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Trump’s Supreme Court pick: ISPs have 1st Amendment right to block websites

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posted on Jul, 11 2018 @ 04:21 AM
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But hey! He wasn't appointed by Obummer or Hitlery so he's A-Ok now! Internet freedom be damned!


President Trump's Supreme Court nominee argued last year that net neutrality rules violate the First Amendment rights of Internet service providers by preventing them from "exercising editorial control" over Internet content.

Trump's pick is Brett Kavanaugh, a judge on the US Court of Appeals for the District of Columbia Circuit. The DC Circuit twice upheld the net neutrality rules passed by the Federal Communications Commission under former Chairman Tom Wheeler, despite Kavanaugh's dissent. (In another tech-related case, Kavanaugh ruled that the National Security Agency's bulk collection of telephone metadata is legal.)

While current FCC Chairman Ajit Pai eliminated the net neutrality rules, Kavanaugh could help restrict the FCC's authority to regulate Internet providers as a member of the Supreme Court. Broadband industry lobby groups have continued to seek Supreme Court review of the legality of Wheeler's net neutrality rules even after Pai's repeal.

Source

Ya know I fully expected Trump's nominee to be another fiercely conservative judge would only serve to tip the scales of the supreme court. Ya know, it's just expected in this fiercely partisan environment? I mean what if this was a Dem it'd be another lefty right? This is the game we play in DC no matter how many times you try and play 'fence sitter' in the face of the choices your guy makes in the Whitehouse. Heck ya know what? Even the fact he's pro-surveillance state (this guy has love for the NSA I tell ya) is something I could just deal with. I mean it seems to be the thing in this era.... Obama did it? It was ramped up under Bush with the Patriot Act... heck the general consensus on ATS is that Trump gets a pass on it so hey, that's the we're going. But all that aside, it's his stance on net neutrality that gets me and should get every other ATSer.

Get on with it already SG! What are you trying to say?? If this guy gets in you could essentially kiss any chance of fighting for internet freedoms in the courts. Forget about it. We might as well welcome the era where corporations get to dictate what information or news sources we get to view. Great right? We can't have a protected open forum on the internet, nope! The major corps dictate and this guy is going to ensure it stays that way. Wear your MAGA hat and shut up!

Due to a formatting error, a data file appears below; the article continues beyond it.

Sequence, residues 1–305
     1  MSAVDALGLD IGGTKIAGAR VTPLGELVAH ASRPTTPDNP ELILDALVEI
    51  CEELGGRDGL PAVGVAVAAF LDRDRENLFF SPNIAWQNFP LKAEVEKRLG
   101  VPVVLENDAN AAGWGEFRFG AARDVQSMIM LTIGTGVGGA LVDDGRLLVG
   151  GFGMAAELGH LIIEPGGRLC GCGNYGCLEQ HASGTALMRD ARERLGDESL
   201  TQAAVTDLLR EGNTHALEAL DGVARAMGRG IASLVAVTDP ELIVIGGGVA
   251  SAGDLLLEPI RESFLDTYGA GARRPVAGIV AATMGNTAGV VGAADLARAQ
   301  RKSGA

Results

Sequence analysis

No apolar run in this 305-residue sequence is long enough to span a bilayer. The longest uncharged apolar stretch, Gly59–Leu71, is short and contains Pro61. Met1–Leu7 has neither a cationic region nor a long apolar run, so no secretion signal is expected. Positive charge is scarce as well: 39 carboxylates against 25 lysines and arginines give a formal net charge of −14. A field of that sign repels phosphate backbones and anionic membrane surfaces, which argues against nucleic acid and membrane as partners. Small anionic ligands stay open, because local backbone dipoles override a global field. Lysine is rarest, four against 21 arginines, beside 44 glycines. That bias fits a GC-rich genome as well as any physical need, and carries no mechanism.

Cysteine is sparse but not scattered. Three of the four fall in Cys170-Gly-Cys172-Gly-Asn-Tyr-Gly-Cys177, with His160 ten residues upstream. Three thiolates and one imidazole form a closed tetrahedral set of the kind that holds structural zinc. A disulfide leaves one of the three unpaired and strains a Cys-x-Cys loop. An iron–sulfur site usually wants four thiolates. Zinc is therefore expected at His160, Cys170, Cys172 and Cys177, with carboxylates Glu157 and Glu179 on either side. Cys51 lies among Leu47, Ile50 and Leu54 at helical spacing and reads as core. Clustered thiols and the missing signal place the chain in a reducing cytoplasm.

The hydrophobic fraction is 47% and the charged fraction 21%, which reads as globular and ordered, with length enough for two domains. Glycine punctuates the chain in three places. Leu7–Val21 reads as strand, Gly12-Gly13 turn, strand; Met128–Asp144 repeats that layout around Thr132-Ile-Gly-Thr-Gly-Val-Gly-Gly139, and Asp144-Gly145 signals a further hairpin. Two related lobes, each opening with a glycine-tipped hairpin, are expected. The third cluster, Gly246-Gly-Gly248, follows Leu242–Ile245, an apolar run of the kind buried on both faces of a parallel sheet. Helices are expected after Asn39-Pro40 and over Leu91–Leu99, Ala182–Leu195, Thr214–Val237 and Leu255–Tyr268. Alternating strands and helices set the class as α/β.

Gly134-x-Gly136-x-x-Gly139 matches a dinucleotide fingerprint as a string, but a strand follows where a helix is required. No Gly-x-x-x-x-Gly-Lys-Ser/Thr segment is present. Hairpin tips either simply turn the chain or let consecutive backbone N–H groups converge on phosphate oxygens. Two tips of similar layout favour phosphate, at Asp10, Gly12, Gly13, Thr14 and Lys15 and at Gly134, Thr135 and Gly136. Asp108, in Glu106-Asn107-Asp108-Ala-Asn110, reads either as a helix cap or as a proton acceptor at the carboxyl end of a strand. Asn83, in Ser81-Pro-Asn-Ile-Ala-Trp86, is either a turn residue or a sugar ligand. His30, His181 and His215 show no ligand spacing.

Kavanaugh argued that net neutrality violates the First Amendment, “because the rule impermissibly infringes on the Internet service providers’ editorial discretion.”

Source

More than 100 Million Americans Can Only Get Internet Service from Companies That Have Violated Net Neutrality

Let that sink in.






posted on Jul, 11 2018 @ 04:29 AM
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Once again, the system remains the same, the face changes and people hail the "Republic" and Hail "Representative Democracy"

We got our guy, we won,

now they have to go around making excuses for "their guy" doing the same thing as the others did...

Obama surveillance state? NWO, Communists takeover... Trump surveillance state? MAGA!

all of them



posted on Jul, 11 2018 @ 04:31 AM
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How is that any different from other private providers ie:Facebook,Instagram,Twitter or YouTube from taking down things that they don’t like?


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posted on Jul, 11 2018 @ 04:34 AM
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a reply to: avgguy


Facebook,Instagram,Twitter or YouTube from taking down things that they don’t like?


The difference is, Facebook doesn't have the ability to block your access to ATS or InfoWars or wherever you prefer to get your information from. We're not talking about websites or webowners. We're talking about multi-national corporations having the power to control your ability to access news on the internet. We're talking about ISPs here.


+2 more 
posted on Jul, 11 2018 @ 04:40 AM
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a reply to: Southern Guardian

I'll give credit where it's do.
Your never ending mission of throwing crap at the wall has finally resulted in something sticking.

I agree, this does not bode well for the future of an open internet.



posted on Jul, 11 2018 @ 04:41 AM
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a reply to: Southern Guardian

Are ISPs private companies? And if so why shouldn’t they be able to monitor your content?



posted on Jul, 11 2018 @ 04:56 AM
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a reply to: Southern Guardian

You must search endlessly trying to verify one of your liberal ideals,I notice you put articles,from where? ,all of a sudden things that happened normally are because of Trump,start focusing on the positive,your post are negative,resources as well



posted on Jul, 11 2018 @ 04:57 AM
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a reply to: avgguy